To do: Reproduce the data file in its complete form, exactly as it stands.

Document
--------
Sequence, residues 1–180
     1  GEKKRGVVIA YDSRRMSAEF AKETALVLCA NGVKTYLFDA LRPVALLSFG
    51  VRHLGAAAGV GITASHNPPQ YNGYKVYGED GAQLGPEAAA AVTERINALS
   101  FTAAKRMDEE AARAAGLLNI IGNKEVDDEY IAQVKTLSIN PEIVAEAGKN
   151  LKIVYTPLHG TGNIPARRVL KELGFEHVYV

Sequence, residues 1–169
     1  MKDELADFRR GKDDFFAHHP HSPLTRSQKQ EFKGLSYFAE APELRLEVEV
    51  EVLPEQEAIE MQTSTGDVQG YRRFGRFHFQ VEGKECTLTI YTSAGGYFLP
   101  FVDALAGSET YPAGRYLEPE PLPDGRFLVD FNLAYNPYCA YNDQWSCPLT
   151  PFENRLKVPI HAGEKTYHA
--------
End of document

Sequence, residues 1–180
     1  GEKKRGVVIA YDSRRMSAEF AKETALVLCA NGVKTYLFDA LRPVALLSFG
    51  VRHLGAAAGV GITASHNPPQ YNGYKVYGED GAQLGPEAAA AVTERINALS
   101  FTAAKRMDEE AARAAGLLNI IGNKEVDDEY IAQVKTLSIN PEIVAEAGKN
   151  LKIVYTPLHG TGNIPARRVL KELGFEHVYV

Sequence, residues 1–169
     1  MKDELADFRR GKDDFFAHHP HSPLTRSQKQ EFKGLSYFAE APELRLEVEV
    51  EVLPEQEAIE MQTSTGDVQG YRRFGRFHFQ VEGKECTLTI YTSAGGYFLP
   101  FVDALAGSET YPAGRYLEPE PLPDGRFLVD FNLAYNPYCA YNDQWSCPLT
   151  PFENRLKVPI HAGEKTYHA